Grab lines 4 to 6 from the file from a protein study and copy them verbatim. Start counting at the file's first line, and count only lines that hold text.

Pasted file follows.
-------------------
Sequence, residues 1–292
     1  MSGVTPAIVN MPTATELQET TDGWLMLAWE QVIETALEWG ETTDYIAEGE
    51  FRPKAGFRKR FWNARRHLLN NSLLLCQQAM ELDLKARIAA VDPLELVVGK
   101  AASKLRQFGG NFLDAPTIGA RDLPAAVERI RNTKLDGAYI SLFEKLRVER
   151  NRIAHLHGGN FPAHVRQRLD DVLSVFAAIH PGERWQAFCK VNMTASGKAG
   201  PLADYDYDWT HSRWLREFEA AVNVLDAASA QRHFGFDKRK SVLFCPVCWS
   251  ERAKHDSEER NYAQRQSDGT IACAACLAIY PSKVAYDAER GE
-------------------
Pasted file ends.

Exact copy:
   101  AASKLRQFGG NFLDAPTIGA RDLPAAVERI RNTKLDGAYI SLFEKLRVER
   151  NRIAHLHGGN FPAHVRQRLD DVLSVFAAIH PGERWQAFCK VNMTASGKAG
   201  PLADYDYDWT HSRWLREFEA AVNVLDAASA QRHFGFDKRK SVLFCPVCWS